Table 2 shows the average results for typically developing children, summarizing their visual and motor outcomes separately for the two age bands. As expected, the cohort of typically developing children had normal visual acuity and stereoacuity. Binocular visual acuity was slightly but significantly better in the older age group compared to the younger group of children (p < 0.05). The administration of the MABC-2 test took approximately 15 min. On average, children in both groups scored below the 50th percentile on the manual dexterity test. Specifically, in comparison with the normative data, the average performance of the children in the middle age band was 23% lower, and the older group scored 10% lower than expected. Comparing the groups on each task revealed significantly higher standardized scores in the older compared to the younger group on the trail drawing task. The kinematic test took approximately 5 min and was completed by all children. Results from the kinematic assessment of the bead-threading revealed significant age-related improvement in the placement component, which contributed to an overall shorter movement duration (Figure 2A) in the older group compared to the younger group. Figure 2B shows the duration of each component of the bead-threading sequence for children in the two age bands. Also shown is the average performance of adults in this task taken from a previous publication [12] to illustrate the developmental trends.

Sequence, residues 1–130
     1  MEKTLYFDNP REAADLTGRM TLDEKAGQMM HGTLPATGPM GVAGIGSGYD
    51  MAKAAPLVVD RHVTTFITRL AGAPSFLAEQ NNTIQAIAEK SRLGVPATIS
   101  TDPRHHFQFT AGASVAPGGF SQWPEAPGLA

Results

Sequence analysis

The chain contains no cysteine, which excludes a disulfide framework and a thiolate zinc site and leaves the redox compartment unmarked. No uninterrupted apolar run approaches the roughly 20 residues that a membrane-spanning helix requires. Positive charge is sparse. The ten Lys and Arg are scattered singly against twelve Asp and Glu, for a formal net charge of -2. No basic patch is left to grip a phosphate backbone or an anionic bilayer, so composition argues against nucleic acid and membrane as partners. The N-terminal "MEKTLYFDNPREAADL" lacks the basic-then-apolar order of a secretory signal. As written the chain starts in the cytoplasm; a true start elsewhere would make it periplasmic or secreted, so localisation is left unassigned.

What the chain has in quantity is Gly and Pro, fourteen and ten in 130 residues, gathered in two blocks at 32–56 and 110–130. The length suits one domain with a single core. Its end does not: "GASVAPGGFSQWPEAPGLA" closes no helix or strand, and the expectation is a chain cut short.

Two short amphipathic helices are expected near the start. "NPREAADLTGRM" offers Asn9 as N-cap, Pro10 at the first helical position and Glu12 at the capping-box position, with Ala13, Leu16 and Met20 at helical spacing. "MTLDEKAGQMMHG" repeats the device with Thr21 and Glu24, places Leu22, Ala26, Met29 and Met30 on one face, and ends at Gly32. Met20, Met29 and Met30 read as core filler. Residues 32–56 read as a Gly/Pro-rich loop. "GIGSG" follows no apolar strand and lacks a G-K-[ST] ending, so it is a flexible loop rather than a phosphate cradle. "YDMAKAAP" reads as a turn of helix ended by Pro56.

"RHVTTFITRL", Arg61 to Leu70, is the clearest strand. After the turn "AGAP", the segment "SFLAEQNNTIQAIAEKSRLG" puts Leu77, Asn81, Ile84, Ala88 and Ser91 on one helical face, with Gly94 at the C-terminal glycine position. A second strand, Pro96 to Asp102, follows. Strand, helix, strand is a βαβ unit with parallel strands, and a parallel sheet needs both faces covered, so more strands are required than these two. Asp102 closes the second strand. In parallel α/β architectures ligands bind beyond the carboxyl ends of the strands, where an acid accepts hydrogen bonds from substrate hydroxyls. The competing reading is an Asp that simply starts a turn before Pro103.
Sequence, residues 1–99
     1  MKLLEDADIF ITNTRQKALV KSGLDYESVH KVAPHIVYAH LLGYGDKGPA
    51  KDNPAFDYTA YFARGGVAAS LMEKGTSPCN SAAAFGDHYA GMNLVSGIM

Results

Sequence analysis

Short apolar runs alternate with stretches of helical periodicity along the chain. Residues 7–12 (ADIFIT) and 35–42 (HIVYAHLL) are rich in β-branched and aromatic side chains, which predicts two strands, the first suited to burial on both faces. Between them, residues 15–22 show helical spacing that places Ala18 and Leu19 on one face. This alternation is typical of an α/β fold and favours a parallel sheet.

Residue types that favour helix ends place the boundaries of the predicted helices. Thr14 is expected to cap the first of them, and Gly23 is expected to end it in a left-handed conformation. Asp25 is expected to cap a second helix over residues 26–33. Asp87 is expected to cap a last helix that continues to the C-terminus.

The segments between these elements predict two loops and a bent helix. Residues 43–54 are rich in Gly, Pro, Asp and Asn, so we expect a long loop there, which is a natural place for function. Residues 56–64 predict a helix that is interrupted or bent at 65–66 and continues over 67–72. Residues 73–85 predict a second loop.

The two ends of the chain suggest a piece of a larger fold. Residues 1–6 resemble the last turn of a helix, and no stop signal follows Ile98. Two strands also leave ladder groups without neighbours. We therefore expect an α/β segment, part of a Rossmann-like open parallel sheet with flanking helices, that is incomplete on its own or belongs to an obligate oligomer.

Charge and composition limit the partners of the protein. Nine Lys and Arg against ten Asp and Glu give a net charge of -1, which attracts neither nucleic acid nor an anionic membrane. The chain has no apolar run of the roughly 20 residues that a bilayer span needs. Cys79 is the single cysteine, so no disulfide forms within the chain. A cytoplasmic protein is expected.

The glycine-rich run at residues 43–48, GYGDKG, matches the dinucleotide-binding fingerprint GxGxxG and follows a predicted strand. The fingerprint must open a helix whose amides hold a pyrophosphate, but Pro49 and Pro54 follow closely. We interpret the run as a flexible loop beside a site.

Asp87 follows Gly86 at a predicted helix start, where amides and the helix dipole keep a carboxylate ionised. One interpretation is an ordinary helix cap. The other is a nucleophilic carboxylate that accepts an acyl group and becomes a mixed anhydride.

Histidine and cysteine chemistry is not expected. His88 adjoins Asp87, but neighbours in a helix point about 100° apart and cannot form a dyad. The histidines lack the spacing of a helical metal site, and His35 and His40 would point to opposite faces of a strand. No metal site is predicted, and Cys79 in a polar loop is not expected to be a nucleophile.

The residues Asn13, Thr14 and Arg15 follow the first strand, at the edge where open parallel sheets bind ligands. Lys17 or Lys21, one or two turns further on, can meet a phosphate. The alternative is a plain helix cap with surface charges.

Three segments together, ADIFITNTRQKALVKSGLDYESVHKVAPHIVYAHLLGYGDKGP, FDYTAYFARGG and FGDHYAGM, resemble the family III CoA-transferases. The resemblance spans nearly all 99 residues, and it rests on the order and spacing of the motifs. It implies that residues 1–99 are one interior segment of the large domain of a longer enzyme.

Finally, a correlation analysis was conducted to determine whether the performance in the bead-threading task was associated with any of the MABC-2 upper limb dexterity scores. The results showed a significant correlation between the total movement time on the bead-threading task and the peg-placing task performed with the preferred hand, r (46) = −0.34, 95% CI [−0.06, −0.57, p = 0.017), and non-preferred hand, r (46) = −0.38, 95% CI [−0.11, −0.60, p = 0.008). There were no significant associations between bead-threading and the other MABC-2 tasks (p > 0.15). To further probe the association between the bead-threading and peg-placing tasks, a regression analysis was conducted to determine which of the sequence components (i.e., reach, grasp, or place duration) explained the variance in the peg board scores. The results revealed that placement duration was the only significant variable explaining 13.5% of the variance (R2 = 0.135, F(1,45) = 7.04; β = −0.007, p = 0.011) in the peg board task performance.